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CONKERS CHAMPIONSHIPS: Still bonkers about conkers.

Byline: BY JACK McGRINDER

AN eye-popping look at a dirty magazine with your pals behind the coal shed, sucking on your first fag till your head spun and a sneaky dab of the old man's after shave.

Those were just some of the rites of passage when living was one big lucky bag - but then you grow up and it's a downhill skid all the way on life's greasy path.

However, there's one last bastion of boyhood that some of us will never let go, even when we have enough candles on our birthday cake to represent a fire hazard.

Conkers. Remember them? If not then you've never played the worthy old game. How sad is that?

But it's never too late to give it a go. And it's that time of the year again when the horse chestnut trees are dropping their conkers to satisfy our competitive needs.

It's also fast approaching the time when big weans from various walks of life gather on the village green at Ashton in Northamptonshire for the World Conker Championships.

I said championships because women have their own event. And I'll say again, how sad is that?

Personally I take exception since we never encroached on their world of peever.

Come to think of it I know one boy from down our street who did. The last I heard of him he was working as an air steward. But that's by the by.

Anyhow, Brian Stewart, a forklift truck driver from Corby, will be defending his title on the village green on December 10 and Debbie Oats will be defending hers. She's a crime analyst from London who likes to crack her opponents' conkers when she's not cracking crimes.

From all over the world doctors, joiners, lawyers and bricklayers to name but a few occupations will soon be shouting things like 'stringsies' and 'stampsies' in the heat of the moment.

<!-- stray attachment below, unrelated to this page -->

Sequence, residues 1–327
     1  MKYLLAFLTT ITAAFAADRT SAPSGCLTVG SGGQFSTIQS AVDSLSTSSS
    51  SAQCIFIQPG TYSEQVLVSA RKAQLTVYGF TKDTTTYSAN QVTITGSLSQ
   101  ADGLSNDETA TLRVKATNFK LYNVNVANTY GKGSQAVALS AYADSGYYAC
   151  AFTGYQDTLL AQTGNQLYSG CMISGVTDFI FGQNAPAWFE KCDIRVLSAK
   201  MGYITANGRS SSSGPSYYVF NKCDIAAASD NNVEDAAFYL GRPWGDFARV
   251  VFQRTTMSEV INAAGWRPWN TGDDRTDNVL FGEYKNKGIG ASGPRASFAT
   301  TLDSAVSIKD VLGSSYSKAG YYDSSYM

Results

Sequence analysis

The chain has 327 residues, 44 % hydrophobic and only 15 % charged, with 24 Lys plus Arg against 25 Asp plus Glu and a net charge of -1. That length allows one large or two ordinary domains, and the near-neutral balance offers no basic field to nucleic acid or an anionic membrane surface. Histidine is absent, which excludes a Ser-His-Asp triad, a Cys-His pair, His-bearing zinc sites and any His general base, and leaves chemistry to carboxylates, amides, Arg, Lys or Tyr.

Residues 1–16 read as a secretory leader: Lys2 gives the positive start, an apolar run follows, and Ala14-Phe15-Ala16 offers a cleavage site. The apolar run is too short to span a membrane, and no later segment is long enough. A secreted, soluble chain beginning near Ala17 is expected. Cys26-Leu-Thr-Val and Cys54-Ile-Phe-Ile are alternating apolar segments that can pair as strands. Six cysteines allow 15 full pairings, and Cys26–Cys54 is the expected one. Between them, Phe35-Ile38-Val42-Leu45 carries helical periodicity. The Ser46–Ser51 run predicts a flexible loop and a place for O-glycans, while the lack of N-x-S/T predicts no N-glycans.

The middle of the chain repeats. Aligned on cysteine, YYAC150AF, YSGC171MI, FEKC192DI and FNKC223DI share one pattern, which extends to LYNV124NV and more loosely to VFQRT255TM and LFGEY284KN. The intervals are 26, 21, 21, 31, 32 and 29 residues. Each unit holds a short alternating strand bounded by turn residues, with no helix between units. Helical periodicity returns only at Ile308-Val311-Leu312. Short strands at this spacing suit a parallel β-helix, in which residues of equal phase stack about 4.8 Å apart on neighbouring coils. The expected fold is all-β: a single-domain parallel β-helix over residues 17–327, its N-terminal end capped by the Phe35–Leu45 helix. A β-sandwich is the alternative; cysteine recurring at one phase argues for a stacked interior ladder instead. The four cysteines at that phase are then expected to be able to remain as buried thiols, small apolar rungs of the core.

Well that's what we used to shout. To enlighten you, when two players' strings get entwined, first to shout stringsies gets an extra shot.

We shouted stampsies when our opponent dropped his conker and we got to stamp on his nut. Sounds painful, doesn't it?

But conkers can be a fiercely competitive business, especially when world titles are up for grabs.

And the world championships have raked in a pretty penny for charity in the past 40 years.

John Hadman of the Ashton Conker Club explains: 'Since we've been going we've collected something like a quarter of a million pounds for charities, mainly for the visually impaired.

'Last year the sweltering summer meant the conkers dropped too early and weren't quite ready but we soldiered on.'

It can't be easy to soldier on when your nuts have dropped early. But a good way to get round it is bake them in an oven at 120 degrees centigrade for two hours.

Then you can smear them with Oil of Olay to make them more malleable.

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BOYS KEEP SWINGING: But game's not just for kids
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Title Annotation:Sport
Publication:Daily Record (Glasgow, Scotland)
Date:Sep 22, 2004
Words:502
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